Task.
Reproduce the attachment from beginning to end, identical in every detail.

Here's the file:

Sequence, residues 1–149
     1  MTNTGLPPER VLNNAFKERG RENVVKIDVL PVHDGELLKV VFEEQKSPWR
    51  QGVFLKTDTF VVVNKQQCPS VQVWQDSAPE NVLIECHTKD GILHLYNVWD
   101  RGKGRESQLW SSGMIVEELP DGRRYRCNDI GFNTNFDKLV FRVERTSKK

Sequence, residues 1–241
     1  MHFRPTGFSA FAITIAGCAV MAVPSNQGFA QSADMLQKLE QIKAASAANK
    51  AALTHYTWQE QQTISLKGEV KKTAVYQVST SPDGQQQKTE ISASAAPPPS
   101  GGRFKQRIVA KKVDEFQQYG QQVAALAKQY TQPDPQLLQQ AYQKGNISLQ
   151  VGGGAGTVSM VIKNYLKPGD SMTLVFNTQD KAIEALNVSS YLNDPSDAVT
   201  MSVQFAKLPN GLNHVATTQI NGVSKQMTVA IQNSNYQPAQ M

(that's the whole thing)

Sequence, residues 1–149
     1  MTNTGLPPER VLNNAFKERG RENVVKIDVL PVHDGELLKV VFEEQKSPWR
    51  QGVFLKTDTF VVVNKQQCPS VQVWQDSAPE NVLIECHTKD GILHLYNVWD
   101  RGKGRESQLW SSGMIVEELP DGRRYRCNDI GFNTNFDKLV FRVERTSKK

Sequence, residues 1–241
     1  MHFRPTGFSA FAITIAGCAV MAVPSNQGFA QSADMLQKLE QIKAASAANK
    51  AALTHYTWQE QQTISLKGEV KKTAVYQVST SPDGQQQKTE ISASAAPPPS
   101  GGRFKQRIVA KKVDEFQQYG QQVAALAKQY TQPDPQLLQQ AYQKGNISLQ
   151  VGGGAGTVSM VIKNYLKPGD SMTLVFNTQD KAIEALNVSS YLNDPSDAVT
   201  MSVQFAKLPN GLNHVATTQI NGVSKQMTVA IQNSNYQPAQ M